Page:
To say that something is diverse, or that diversity is present, is to describe a state of affairs. Descriptions can sometimes be practically and morally relevant; for example, to attribute a virtue or a vice to someone is both to describe how he is and to praise or to condemn him. But diversity clearly isn’t a virtue or a vice, because it isn’t a habit of action at all. One can’t speak of—let alone praise—a “diverse” person as one can praise a knowledgeable woman, an excellent pianist, a loyal friend, and a humble athlete.

Diversity is a description of states of affairs denoting a variety that is in itself morally neutral. Moreover, a community might be diverse in some respects while not in others. To speak of a “diverse” community invites the further question of what kind of diversity the community expresses. The expression “It would be good to pursue diversity” is technically incomplete; in order for us to recognize this as a practical truth conducive to our broader aims, “diversity” must be followed by the proposition “of” and a further accompanying noun.

Recall Fr. Jenkins’s statement that “diversity” is a “moral and intellectual necessity.” How can that, in such unqualified terms, be true? To say that diversity is a moral necessity is to say that one has a moral duty to make one’s community diverse. But in what ways? In every way? Only in some?

An academic community in which scholars pursue various lines of inquiry, arriving at differing conclusions, can make for a vibrant culture of debate. Where there is robust communal discourse, the good of knowledge might be pursued to a greater extent, despite disagreement. An academic community whose student or faculty body is composed of persons of varying religious and spiritual backgrounds can enjoy the richness of different expressions of man’s relating to the divine and his pious observance of religious custom and cult. Even within the same religious tradition, one can enjoy this kind of diversity. A Christian from the Midwest can learn much from a Christian from the East Coast, or an American Christian can learn much from a Kenyan Christian, or a Bolivian Christian, whose matrix of faith and culture produces a different lived reality of discipleship and worship.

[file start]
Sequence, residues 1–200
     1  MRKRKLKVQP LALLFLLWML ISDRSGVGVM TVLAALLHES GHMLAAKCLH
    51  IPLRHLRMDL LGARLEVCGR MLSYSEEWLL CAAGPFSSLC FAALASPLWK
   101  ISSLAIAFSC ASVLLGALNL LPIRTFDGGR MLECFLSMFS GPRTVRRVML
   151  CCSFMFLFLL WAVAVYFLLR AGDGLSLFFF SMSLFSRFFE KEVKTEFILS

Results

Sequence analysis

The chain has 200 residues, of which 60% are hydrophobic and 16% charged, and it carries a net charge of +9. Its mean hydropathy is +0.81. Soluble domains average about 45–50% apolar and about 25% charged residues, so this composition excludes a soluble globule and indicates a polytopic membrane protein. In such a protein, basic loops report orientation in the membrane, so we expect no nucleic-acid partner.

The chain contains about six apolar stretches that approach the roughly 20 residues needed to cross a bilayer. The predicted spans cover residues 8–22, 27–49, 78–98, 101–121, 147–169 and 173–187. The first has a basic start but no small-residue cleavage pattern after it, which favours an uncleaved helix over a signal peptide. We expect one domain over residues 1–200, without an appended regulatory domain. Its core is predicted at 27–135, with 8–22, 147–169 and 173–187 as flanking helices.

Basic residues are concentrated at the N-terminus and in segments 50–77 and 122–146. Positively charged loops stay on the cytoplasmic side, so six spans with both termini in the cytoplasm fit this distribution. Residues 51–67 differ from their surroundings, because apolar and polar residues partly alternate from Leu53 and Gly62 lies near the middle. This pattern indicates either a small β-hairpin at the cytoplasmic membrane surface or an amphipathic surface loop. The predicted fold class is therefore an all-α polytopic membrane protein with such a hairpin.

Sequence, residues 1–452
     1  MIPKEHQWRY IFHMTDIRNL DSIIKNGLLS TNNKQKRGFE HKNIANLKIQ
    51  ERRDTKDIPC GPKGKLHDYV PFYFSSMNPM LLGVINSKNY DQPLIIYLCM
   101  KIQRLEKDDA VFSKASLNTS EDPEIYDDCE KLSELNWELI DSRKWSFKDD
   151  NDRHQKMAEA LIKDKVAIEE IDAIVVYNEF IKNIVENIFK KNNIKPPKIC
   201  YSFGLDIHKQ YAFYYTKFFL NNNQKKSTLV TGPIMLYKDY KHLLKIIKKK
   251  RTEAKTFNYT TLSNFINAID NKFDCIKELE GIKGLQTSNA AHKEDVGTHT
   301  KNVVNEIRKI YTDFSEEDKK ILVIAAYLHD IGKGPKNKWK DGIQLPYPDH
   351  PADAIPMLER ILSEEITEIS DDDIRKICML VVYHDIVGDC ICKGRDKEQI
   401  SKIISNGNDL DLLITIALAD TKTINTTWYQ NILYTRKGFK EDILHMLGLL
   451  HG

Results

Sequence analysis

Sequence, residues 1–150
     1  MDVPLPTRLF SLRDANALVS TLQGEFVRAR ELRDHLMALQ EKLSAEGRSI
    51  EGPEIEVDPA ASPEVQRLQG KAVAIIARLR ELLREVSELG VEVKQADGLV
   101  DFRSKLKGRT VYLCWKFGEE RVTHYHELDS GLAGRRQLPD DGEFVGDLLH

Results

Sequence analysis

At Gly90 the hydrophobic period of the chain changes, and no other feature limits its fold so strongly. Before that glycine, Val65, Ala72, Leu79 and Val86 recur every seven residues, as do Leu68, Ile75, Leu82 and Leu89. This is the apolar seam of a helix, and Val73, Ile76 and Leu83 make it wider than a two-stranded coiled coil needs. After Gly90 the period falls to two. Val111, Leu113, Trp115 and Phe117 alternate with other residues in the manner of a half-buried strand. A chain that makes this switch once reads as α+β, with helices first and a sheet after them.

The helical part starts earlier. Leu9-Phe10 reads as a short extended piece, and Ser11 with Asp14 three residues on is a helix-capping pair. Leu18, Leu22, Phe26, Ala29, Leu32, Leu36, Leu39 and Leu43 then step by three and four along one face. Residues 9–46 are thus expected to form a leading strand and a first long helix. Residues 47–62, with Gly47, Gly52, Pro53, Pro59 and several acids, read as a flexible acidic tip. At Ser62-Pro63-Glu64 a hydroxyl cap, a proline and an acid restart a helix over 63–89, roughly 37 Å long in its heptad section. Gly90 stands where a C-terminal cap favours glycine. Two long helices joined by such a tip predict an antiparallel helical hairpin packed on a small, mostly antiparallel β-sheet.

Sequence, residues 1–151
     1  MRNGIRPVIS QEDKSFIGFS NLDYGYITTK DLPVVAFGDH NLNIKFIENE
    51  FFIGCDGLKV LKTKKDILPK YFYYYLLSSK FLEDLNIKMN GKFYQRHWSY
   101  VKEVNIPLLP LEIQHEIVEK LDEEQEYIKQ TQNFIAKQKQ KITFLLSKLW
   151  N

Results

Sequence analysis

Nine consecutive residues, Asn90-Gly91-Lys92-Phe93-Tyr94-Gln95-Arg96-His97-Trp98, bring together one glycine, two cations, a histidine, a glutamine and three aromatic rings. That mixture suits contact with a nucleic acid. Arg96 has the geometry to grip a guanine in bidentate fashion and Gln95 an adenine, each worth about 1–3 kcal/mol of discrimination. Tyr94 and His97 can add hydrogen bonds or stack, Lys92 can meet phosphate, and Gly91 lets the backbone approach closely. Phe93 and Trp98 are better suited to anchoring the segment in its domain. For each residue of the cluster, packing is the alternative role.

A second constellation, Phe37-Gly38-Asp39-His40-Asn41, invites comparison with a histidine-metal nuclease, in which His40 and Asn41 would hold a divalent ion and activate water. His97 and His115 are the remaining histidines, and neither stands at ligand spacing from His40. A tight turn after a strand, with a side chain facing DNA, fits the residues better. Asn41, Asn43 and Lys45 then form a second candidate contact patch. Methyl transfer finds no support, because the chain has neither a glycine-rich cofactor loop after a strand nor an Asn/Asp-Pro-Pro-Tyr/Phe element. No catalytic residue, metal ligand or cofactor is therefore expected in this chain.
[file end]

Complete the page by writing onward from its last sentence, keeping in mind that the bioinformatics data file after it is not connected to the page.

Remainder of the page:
Yet an academic community in which some scholars advocate eugenic practice and genocidal policy is not a happier community for that reason. No university president who espouses diversity wants to introduce diversity into the faculty by swelling the ranks of those whose publications are poorly received, for example, even though their presence would make the community more diverse. Nor do champions of diversity want to spend time with more students whose religious outlook entails bombing major hubs of campus life, although a community in which at least one member believes (and does this) is more diverse in that respect than a community in which none does.

It is good to have some bacteria in one’s body, but only insofar as they promote the flourishing of one’s body; the presence of other kinds of bacteria is deadly. Is it sensible to brag about being “bacteria rich,” or to claim that one wants “more bacteria,” full stop? No, because the important questions remain unanswered: Are the bacteria good or bad? Are there too many or too few of them? What vital functions are enriched or damaged by the presence of certain bacteria?

A community that touts itself as being “diverse” without qualification, or that strives for “diversity” as a community goal, or treats “diversity” just as such as a “moral necessity,” is like a person who brags about being “bacteria rich”: Everything important remains to be investigated.

The Diversity Trope Stifles Conversation

A professor who has spearheaded several movements at his campus to promote diversity once told me that diversity functions as a “rhetorical trope” that “communicates a broader set of values.” I agree. This helps explain why and how that trope stifles important inquiry, sows confusion on central and sensitive issues, and reflects lazy thinking.